The current state of autonomous vehicles in the U.S. is fragmented. Some states allow testing and semi-autonomous driving, others are staunchly against Google, Uber, and even leading automakers like General Motors testing self-driving vehicles in their state.
That may change in July, when the National Highway Traffic Safety Administration (NHTSA) publishes federal guidelines for autonomous vehicles, which will supposedly be more lenient on testing and possibly legalize self-driving systems for public use.
“What is unusual is everybody expects regulation comes out and that’s what it is forever, and NHTSA’s job is react and enforce it,” said senior administrator Mark Rosekind during a panel at the TU-Automotive auto-tech conference in Novi. “That will not work with this area. I think we’re going to have something different in July.”
The Department of Transportation will focus on four main areas in the announcement, according to Rosekind. Those include deployment, state policies, less vague process terminology, and new tools.
NHTSA rules may clean up state rules
Deployment and operations may provide autonomous car vendors with ways to market their vehicle, ensuring that customers know the semi-autonomous features and how to utilize them. We assume the new tools for authorities will also look towards teaching the public about self-driving, while also speeding the rate of deployment.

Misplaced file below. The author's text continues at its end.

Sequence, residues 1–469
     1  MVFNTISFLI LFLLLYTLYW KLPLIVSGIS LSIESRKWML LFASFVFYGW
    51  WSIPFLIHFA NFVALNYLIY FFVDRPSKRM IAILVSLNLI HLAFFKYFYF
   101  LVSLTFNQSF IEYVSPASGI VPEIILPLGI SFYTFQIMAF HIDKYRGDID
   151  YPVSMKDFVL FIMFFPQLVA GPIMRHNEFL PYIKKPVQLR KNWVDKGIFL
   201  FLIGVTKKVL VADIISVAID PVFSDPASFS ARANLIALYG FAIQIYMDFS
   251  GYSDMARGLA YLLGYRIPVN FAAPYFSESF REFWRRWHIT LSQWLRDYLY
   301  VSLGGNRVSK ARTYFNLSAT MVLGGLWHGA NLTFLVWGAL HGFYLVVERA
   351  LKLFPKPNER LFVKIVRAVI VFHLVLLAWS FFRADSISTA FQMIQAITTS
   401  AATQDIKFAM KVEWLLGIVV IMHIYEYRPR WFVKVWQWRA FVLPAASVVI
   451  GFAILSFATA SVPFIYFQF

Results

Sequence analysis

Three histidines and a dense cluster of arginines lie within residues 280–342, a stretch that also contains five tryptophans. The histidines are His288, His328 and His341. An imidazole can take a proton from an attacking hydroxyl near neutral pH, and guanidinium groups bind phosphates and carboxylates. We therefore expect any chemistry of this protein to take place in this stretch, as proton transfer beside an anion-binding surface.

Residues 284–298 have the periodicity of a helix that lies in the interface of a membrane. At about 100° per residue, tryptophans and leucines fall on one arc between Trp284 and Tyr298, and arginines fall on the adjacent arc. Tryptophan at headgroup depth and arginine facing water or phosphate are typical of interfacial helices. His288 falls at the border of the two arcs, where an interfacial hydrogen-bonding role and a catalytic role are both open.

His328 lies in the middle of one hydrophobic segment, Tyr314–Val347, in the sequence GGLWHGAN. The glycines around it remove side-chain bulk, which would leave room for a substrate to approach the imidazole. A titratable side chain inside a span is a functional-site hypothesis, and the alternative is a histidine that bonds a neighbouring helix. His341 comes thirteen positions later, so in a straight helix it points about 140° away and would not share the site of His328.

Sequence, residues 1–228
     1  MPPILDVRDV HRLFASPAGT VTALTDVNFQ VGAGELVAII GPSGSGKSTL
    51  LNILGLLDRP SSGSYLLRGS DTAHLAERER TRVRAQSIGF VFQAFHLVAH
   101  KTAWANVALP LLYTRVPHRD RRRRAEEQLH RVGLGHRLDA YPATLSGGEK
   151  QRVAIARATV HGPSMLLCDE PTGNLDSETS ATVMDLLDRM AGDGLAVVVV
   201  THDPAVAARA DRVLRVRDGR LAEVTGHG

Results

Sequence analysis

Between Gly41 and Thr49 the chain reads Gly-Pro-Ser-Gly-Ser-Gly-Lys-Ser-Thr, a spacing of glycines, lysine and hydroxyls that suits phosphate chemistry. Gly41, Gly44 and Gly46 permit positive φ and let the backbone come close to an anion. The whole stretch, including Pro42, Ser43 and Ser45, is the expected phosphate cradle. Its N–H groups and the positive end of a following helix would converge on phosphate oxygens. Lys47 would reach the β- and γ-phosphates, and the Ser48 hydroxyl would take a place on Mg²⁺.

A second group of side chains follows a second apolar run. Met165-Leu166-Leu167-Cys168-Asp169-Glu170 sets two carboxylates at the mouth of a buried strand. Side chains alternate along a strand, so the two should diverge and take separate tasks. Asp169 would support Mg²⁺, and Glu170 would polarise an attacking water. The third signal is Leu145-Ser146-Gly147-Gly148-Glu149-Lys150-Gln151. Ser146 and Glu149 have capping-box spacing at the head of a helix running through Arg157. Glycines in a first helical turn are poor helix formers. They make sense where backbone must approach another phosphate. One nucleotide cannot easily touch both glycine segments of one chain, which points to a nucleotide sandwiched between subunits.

Fixing state policies and terminology is a major part of a successful deployment for autonomous vehicles. Most autonomous vendors will not deploy systems that are even vaguely considered illegal, which could cause a slowdown in testing and commercialization.
We’ve already seen vague terminology scare ethical hackers away, after Michigan Senators pushed for a life sentence for people that hack connected cars. Creating a federal code for self-driving could be a way to stop these laws from entering the Senate, while also providing more transparency to vendors on what is allowed on the roads.